Story and Photos by Avelyn Ng, LabourBeat
What started out as extra-curricular activities in junior college and university have grown into a full-fledged pastime for 32-year-old Lim Mei Lan after she entered the workforce.
Whether it is animal welfare or caring for the needy and disabled, Mei Lan is always eager to help through volunteering. She has organised several do-good activities and participated in mission trips overseas. A few years ago, she even joined the grassroots to serve the community.
The latest volunteering venture is mentoring youths. Early last year, Mei Lan joined Young NTUC’s Youth Career Network as one of the volunteer career guides. She has guided five youths to date, over a mix of casual meet-ups, calls and text exchanges. Depending on the individuals’ needs, the mentoring can take anywhere from a week to six months to complete.
Outside mentoring, Mei Lan is working as a human resource professional. So, what motivates a busy professional like her to wear double hats?
She shared: “In HR, it helps when you have experience. We all have different personalities. If you have more exposure, chances are, you will come across similar people at the workplace. You will be able to manage them better.
“I’m not the only one giving. I learn from other people as well. It’s an exchange of information. I prefer to do a variety of things in my free time – it makes my life more balanced. Besides, I like meeting new people and helping them.”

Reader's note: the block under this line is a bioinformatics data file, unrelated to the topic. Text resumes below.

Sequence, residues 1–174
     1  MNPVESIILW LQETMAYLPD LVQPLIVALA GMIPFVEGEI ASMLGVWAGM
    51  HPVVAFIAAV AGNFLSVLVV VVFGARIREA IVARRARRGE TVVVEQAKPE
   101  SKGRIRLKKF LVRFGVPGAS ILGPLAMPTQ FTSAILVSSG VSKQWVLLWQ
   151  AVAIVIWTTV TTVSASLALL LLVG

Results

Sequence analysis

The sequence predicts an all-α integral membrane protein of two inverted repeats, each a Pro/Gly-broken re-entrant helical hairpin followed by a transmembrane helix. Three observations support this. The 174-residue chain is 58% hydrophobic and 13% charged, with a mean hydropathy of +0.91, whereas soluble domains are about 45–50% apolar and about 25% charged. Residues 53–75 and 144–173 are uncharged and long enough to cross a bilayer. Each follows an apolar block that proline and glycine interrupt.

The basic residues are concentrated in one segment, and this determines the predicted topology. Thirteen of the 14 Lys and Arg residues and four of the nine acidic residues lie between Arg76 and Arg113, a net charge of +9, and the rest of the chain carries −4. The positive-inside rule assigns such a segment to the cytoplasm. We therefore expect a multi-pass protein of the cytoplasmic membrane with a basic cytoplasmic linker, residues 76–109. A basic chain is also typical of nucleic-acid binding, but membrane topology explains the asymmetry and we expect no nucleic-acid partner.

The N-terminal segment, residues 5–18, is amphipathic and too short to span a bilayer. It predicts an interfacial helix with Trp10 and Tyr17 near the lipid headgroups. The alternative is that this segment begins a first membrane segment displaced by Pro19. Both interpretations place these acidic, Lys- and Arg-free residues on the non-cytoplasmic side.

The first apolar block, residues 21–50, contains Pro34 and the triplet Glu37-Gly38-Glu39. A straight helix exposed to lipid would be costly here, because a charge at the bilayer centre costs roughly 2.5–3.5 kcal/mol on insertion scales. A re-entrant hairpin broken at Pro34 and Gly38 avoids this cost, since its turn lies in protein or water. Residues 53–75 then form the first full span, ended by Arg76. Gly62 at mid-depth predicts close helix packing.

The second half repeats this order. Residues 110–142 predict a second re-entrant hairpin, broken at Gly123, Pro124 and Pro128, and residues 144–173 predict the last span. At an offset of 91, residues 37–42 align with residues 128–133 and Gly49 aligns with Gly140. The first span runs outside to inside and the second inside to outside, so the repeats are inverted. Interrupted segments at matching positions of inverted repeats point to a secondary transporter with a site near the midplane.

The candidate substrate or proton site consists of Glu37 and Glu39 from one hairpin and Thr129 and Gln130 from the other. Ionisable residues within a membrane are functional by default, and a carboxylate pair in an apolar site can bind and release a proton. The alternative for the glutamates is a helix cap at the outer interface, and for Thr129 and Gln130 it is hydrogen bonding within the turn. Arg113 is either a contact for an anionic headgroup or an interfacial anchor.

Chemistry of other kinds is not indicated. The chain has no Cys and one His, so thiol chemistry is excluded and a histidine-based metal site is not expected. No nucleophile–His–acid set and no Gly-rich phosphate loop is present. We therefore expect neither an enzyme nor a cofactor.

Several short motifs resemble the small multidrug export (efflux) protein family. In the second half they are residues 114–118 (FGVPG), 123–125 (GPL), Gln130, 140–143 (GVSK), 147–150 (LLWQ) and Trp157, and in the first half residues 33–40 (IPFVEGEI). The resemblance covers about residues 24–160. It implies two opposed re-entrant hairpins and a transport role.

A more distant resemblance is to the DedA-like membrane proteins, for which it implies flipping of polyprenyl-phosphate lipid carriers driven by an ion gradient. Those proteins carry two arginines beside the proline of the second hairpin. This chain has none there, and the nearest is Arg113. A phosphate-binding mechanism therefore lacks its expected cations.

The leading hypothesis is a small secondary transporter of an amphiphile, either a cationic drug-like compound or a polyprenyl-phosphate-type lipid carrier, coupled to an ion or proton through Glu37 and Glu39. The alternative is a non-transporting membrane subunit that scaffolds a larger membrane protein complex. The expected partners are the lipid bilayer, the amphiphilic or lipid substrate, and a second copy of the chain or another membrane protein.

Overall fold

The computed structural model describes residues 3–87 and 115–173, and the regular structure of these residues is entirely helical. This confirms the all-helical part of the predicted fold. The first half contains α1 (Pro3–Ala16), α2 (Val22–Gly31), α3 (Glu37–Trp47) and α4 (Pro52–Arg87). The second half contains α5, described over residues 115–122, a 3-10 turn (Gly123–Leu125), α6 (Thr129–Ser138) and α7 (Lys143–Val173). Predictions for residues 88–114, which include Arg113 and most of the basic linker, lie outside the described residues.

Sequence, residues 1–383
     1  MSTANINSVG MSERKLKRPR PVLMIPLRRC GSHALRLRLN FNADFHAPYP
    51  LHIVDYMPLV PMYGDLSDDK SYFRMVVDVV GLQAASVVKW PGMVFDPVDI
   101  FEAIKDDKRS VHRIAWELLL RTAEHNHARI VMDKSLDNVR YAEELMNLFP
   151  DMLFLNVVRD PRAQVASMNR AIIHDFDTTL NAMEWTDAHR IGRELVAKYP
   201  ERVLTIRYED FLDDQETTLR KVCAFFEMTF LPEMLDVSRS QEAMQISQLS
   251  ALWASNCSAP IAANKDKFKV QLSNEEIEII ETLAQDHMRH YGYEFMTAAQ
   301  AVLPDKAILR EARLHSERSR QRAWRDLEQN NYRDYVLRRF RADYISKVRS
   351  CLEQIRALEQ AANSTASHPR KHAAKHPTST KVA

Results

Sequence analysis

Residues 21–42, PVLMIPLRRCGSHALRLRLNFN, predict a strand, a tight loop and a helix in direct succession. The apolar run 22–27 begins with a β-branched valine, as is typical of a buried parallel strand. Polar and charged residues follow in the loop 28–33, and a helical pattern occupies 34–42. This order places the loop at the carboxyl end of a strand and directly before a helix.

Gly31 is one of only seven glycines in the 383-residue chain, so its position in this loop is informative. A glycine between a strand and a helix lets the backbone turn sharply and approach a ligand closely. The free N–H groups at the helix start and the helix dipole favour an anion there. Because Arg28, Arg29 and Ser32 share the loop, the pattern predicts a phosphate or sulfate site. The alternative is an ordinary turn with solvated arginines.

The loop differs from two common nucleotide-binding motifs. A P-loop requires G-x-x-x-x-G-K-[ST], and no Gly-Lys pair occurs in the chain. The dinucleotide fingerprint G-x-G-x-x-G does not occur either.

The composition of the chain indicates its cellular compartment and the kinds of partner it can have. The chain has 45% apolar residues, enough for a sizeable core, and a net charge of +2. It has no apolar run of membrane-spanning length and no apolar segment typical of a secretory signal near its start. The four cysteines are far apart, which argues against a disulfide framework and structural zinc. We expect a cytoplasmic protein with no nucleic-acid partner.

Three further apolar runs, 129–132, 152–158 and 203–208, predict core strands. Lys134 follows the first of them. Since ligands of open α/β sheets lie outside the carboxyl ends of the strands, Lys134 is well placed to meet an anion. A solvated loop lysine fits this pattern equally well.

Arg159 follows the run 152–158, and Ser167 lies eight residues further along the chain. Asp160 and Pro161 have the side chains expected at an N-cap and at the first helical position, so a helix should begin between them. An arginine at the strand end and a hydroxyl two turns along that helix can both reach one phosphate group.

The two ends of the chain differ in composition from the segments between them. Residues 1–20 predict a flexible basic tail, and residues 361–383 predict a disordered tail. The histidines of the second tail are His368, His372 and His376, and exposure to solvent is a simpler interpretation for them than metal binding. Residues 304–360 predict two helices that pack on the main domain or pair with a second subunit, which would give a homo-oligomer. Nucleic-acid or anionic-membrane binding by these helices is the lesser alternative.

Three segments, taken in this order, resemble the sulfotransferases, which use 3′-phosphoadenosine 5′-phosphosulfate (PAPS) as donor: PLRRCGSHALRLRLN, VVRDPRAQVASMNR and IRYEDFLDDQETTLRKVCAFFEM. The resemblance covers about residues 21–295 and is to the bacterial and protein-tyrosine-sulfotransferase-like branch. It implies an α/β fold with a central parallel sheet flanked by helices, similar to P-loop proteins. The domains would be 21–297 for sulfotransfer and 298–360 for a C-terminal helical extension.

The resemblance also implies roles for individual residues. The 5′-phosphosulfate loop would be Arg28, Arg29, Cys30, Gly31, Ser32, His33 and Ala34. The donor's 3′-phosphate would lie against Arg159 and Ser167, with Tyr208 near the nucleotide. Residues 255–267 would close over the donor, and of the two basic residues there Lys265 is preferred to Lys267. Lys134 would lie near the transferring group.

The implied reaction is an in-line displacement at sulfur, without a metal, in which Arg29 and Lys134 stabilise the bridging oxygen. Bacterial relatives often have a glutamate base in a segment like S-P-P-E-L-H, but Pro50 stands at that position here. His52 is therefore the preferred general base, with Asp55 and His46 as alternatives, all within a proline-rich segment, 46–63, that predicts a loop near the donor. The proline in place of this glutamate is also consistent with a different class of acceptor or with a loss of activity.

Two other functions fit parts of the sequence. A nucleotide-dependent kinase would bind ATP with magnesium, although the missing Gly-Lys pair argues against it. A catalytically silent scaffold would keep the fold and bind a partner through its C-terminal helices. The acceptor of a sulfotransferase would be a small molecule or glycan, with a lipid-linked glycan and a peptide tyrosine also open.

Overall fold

To help others pursue their aspirations personally and professionally, Mei Lan regularly looks for avenues to hone her craft. For instance, she took out a six-month, part-time course with the National Career Development Association to become a certified career development facilitator.
For youths who get “over-analytical”, Mei Lan provides the necessary assurance and confidence boost. For new entrants, she shares with them real-life stories to educate them about her industry as well as social norms and Do’s and Don’ts at work. However, she always leaves it to them to make the final decision.
One of the hardest things, she finds, is changing people’s mindsets and getting them to accept something different.
According to her, many of the youths she has encountered have trouble finding their calling. They are unsure about their current job or degree, but are reluctant to move away from what they know.
“I learned from the course that we should follow our interests, our values, and our strengths. It makes absolute sense, but a lot of times we don’t even know what they are, so we go by what we see successful people doing. It’s not the same,” she shared.
Mei Lan, who has a background in accountancy, has also had dilemmas along her career.
She faced much resistance when she decided to venture into HR, an area viewed by her friends and family as a “downgrade”. She received similar feedback as well, when she transitioned from a multinational to a startup. Nevertheless, she followed her heart, even making minor sacrifices in expectations.
Mei Lan advised: “Youths are very much into jobs that pay well, but ultimately they should see whether that can sustain. I’ve seen many who don’t last long in their companies because they don’t love what they do. If they had made another decision, they would not become quitters halfway.”